Ty’s parents arrived then. Richter paused at the door to allow Helen to enter before him. Ty sensed that they had been talking beforehand.

Through the doorway, he saw uniformed marines, who were carrying rifles, exiting the elevator. There had to be two dozen of them in the outer room now, massed as if for an invasion—or to repel one.

Colonel Travis called to a sergeant outside the conference room, and the man stepped inside, followed by four others, who stood along the wall, eyes fixed on Ty, Nora, Kato, and Maria. They were clearly there in case something happened to the four of them, some transformation that endangered the rest of the room. Was that what they thought was about to happen when they turned the quantum radio on?

On the video, a suited figure in the clean room looked up through a clear helmet, directly at the camera. “We’re ready to seal the enclosure.”

Colonel Travis turned to Bishop, who swallowed hard, then eyed Richter. Ty’s father inclined his head slightly. Beside him, Ty’s mother took a deep breath and held it as Colonel Travis pressed a button on the conference speaker on the table and said, “Proceed.”

On the screen, tiny pops and flashes issued at the edges of the device.

Ty felt eyes upon him. Across the table, Nora was staring, a question in her eyes. Even after so many years apart, he knew what she was silently asking him: What’s going to happen?

With a slight movement of his head, straight across, he told her he didn’t know. He felt as though they were standing on the precipice of something incredible.

Beside Nora, Kato was as still as a redwood tree, towering in the face of whatever was coming.

Maria was chewing one of her fingernails as she squinted at the screen. The man in the clean room spoke again, “We’re sealed.”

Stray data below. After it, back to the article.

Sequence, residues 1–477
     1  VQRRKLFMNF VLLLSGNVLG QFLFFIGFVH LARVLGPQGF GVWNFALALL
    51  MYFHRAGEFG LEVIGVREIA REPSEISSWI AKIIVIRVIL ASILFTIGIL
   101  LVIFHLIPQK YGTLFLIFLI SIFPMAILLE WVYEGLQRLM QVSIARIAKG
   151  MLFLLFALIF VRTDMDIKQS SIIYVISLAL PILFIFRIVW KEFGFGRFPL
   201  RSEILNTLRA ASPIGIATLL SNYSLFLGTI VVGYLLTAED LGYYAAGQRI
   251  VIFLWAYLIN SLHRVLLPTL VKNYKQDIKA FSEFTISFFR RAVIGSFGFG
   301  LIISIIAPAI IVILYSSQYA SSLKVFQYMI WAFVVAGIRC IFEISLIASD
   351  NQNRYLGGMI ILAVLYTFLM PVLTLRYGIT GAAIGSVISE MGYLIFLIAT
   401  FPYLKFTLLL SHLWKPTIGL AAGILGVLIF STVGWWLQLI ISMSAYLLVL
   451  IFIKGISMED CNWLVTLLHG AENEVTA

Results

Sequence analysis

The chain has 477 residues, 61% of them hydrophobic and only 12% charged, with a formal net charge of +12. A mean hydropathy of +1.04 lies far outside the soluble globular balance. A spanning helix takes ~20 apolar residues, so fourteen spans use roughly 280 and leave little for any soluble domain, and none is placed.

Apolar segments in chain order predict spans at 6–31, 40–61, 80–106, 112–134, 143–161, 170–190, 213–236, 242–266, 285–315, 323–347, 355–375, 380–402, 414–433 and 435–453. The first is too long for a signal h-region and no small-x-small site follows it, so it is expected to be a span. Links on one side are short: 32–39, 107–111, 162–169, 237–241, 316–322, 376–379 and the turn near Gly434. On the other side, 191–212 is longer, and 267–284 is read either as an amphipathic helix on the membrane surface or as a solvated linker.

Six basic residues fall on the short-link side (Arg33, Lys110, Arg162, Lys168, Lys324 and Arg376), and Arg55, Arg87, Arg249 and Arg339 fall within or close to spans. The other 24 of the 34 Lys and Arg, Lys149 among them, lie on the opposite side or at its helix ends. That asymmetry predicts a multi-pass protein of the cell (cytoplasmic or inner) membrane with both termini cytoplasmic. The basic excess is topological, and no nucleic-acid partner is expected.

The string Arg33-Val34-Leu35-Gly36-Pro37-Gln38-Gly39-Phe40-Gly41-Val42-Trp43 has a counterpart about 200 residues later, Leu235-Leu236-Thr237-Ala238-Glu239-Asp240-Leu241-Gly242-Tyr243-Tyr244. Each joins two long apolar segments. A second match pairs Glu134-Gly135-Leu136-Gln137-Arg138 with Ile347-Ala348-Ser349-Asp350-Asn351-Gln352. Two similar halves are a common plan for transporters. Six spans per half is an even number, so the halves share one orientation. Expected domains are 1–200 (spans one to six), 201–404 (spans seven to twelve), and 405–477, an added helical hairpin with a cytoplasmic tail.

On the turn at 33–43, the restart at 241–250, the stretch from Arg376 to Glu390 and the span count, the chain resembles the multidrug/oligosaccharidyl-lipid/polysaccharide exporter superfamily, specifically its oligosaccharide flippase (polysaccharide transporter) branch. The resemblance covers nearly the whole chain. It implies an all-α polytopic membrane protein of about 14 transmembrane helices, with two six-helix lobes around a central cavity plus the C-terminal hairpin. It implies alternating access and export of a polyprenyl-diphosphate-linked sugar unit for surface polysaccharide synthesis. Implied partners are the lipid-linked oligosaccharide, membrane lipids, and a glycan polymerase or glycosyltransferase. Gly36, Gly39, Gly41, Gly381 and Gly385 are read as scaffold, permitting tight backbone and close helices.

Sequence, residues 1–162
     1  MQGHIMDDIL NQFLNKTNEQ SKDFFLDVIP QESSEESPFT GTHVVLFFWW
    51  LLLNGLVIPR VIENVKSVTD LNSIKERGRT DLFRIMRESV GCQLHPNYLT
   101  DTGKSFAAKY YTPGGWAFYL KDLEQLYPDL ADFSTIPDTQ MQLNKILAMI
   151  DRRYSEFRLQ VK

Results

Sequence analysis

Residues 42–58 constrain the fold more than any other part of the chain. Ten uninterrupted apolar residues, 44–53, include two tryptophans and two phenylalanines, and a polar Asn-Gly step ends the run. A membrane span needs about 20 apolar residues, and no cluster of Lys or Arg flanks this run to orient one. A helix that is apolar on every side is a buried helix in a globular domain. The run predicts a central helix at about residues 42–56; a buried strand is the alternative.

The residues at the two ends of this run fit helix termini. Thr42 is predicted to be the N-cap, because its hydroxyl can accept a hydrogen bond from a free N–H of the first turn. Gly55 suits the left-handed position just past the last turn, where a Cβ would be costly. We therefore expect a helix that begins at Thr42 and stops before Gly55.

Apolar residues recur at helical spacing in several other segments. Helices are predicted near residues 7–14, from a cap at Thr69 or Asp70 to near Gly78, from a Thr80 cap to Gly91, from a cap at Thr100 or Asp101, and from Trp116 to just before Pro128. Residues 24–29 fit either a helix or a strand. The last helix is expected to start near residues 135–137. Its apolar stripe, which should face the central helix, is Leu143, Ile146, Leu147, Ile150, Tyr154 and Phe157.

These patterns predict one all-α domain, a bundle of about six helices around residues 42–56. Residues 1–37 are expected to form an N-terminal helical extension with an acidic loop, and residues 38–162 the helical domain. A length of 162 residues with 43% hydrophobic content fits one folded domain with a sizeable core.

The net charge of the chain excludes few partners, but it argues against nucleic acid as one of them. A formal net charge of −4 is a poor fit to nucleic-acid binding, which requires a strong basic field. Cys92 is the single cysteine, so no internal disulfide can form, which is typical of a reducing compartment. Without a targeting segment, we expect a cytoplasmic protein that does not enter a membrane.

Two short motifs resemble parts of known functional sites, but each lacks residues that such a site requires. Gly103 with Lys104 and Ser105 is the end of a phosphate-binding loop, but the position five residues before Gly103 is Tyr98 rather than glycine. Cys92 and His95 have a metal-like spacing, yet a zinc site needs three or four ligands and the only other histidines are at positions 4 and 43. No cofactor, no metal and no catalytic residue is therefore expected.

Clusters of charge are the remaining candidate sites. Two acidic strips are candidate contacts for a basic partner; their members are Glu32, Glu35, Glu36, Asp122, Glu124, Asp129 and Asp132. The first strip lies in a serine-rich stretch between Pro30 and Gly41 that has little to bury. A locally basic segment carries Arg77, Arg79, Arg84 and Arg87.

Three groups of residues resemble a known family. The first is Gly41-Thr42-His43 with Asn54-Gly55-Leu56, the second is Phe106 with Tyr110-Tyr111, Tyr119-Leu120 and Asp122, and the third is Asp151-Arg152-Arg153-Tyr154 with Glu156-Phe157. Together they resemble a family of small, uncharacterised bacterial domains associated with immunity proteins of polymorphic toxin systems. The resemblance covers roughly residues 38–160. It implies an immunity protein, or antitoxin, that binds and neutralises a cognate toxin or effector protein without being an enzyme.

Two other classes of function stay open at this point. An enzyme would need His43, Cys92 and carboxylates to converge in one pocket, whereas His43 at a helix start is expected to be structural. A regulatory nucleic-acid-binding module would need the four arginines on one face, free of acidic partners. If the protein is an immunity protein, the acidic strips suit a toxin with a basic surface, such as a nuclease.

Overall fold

“Stand by,” Travis said into the speaker phone.

The room fell into an uneasy silence, everyone waiting. Ty could feel the marines scanning him and the others, watching for changes. He wondered what their orders were.

Richter reached into his pocket. Ty could see him holding something, working his fingers. Was it a gun?

Bishop looked up at Ty. “We need that sequence to activate it. Right now.”

“I don’t know it.”

“Then we’re going to start guessing.” “You can’t be serious,” Richter said.

Bishop drew a slip of paper out of his pocket, then held a finger down on the conference speaker. “Depress the fourth symbol.”

Helen turned to Richter and whispered, “Make them stop.”

“Stop this, Sandy,” Richter said, taking a step forward, hand still in his coat pocket.

On the screen, the view focused on the quantum radio, which sat face up on the silver-metal table. A finger came into the view and pressed the fourth symbol on the device. Behind the symbol, a yellow-orange glow emerged for a fraction of a second, then faded quickly.

The suited man’s voice came over the speaker. “Momentary lighting on the keypad and slight vibration as the key was depressed—likely a haptic feedback mechanism. No other change here.”

“Why the fourth symbol?” Nora asked, eyebrows bunched.

“Four genomes,” Bishop said, studying the page. He pressed the speaker again. “Try one-two-three.”

Ty threw his hands up. “You’ve got to be kidding me! One-two-three?”

Bishop eyed him. “It’s the sum of your four ages: thirty-five, thirty-five, twenty-nine, and twenty-four.”

“Sandy,” Richter said, “you don’t even know if it operates on a base-ten number system. There are twelve symbols.”

On the screen, the finger hit the first three symbols in rapid succession.

Once again, the symbols flashed, but nothing happened.

Bishop was studying the page, ignoring Richter.

“Sandy,” Richter said, voice rising. “You’re playing roulette here.